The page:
One curious development in the recent history of General Motors is the complete abandonment of tilting headrests from every one of the automaker’s vehicles. As researched by GM Authority, GM last made these available in the 2020 Buick Envision crossover and 2020 Cadillac CT6 luxury sedan, but the Envision has since been replaced by an all-new second-generation model for the 2021 model year while the CT6 has been discontinued in North America.
To clarify, we are not talking about rear-seat headrests which can be folded down, either for better visibility or to allow the seatbacks to be folded down. Those are still available. What we’re talking about is the ability of the seat’s headrest to adjust fore and aft (forward and back) to better accommodate the seating position of the driver or front passenger.
These kinds of headrests are a thing of the past on every GM model from the 2021 Chevy Spark – currently the lowest-priced car in the United States in base LS trim level and manual transmission, a combination that starts at $14,595 including destination – to the 2021 Cadillac Escalade full-size luxury SUV, which is priced to start at $77,890 but regularly sells for over $100,000.
Once a model has a tilting headrest, there is no obvious reason why the functionality should be removed, except perhaps as a cost-saving exercise. It’s worth noting that removing tilting headrests is not a trend within the auto industry, as other manufacturers – notably GM’s more than century-old rival, Ford – still offer tilting headrests even on their most affordable vehicles. In this respect, GM is an outlier.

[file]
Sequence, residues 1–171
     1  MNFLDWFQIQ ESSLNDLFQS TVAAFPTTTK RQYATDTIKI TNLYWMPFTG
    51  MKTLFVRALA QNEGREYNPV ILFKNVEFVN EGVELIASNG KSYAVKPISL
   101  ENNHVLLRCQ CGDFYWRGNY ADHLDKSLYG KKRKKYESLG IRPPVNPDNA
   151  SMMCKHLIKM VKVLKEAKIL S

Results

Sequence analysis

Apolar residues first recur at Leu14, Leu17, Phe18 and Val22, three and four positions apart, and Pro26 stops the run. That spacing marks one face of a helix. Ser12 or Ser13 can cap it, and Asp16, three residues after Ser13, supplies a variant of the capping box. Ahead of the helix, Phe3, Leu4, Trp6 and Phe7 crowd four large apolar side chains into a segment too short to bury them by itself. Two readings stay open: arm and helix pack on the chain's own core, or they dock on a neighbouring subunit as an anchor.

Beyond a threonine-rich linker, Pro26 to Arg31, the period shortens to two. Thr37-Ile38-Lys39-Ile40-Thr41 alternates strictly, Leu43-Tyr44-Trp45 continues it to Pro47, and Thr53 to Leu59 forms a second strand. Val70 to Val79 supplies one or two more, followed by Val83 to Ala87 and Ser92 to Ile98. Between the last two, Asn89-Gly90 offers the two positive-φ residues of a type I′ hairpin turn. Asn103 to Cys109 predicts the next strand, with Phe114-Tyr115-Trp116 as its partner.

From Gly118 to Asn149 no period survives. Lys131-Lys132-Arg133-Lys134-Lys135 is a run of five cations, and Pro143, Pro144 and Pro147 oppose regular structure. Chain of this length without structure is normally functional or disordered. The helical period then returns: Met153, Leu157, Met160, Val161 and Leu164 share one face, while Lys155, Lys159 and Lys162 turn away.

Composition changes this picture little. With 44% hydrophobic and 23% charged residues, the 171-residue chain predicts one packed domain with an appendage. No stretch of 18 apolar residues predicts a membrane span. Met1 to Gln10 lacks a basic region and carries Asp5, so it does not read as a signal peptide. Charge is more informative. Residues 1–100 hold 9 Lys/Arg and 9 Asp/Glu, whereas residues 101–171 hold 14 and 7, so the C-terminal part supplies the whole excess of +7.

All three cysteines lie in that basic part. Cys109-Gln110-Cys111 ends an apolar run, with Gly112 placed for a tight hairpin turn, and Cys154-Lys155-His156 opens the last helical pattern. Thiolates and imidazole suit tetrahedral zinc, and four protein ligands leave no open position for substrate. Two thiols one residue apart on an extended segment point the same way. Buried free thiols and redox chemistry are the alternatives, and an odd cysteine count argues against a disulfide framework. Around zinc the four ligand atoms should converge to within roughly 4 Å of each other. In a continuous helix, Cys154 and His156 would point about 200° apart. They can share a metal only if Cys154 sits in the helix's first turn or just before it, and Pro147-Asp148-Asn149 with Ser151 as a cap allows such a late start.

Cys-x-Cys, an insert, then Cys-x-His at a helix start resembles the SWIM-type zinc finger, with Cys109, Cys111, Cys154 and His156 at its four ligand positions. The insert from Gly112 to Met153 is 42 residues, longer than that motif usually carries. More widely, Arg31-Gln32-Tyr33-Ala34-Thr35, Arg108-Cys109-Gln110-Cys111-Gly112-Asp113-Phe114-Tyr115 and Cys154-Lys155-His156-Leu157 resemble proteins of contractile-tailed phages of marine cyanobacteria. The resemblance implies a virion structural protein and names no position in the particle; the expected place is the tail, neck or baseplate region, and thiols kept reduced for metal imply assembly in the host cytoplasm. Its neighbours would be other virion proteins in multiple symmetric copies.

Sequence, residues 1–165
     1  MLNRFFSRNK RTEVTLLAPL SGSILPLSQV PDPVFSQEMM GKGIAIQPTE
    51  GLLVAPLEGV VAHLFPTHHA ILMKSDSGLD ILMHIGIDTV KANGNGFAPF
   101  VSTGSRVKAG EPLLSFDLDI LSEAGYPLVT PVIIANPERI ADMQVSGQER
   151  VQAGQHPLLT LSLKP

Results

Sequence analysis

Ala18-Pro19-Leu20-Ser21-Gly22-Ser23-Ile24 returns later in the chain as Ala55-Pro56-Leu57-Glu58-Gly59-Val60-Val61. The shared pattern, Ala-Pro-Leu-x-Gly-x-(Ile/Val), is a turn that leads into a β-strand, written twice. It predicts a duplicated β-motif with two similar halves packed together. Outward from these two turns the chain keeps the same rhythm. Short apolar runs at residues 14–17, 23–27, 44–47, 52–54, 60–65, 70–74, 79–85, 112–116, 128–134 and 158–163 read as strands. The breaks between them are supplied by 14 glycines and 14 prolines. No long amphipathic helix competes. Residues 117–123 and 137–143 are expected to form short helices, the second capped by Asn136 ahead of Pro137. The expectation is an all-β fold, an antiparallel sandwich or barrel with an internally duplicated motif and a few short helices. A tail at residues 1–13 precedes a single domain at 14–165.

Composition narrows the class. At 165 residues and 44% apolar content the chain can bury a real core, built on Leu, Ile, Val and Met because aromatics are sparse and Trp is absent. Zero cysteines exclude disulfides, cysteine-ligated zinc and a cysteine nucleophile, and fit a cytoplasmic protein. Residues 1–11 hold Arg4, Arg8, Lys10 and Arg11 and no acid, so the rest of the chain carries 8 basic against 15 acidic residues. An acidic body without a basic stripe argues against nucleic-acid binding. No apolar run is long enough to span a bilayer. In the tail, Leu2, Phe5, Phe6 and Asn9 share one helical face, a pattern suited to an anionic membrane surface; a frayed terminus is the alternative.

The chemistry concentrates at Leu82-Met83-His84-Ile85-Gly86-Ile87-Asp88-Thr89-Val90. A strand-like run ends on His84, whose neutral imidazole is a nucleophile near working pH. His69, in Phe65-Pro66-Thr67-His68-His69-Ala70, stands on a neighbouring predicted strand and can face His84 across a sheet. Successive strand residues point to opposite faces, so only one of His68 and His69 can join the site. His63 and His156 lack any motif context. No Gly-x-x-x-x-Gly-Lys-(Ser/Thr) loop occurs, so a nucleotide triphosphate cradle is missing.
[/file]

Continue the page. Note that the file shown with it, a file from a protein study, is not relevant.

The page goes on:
Although this may seem to be a minor matter, tilting headrests can contribute to comfort and, less directly, to safety and vehicle control. In the era of the Oldsmobile Curved Dash, the most significant comfort feature in any car was that it could be driven while sitting down. Today, it is unthinkable that a track-oriented vehicle, to use one example, could be compromised by removing anything which prevents the driver from having the maximum possible control over it.
Of course, tilting headrests are not generally required on competition cars because they are not driven in a way that requires them, but the principle of making things as easy as possible for the occupants applies to all types of vehicles. Yet another type are luxury vehicles, particularly ones that aim for maximum comfort for its occupants. To that end, we see no reason that the Escalade (or any Cadillac, for that matter) should not include tilting headrests.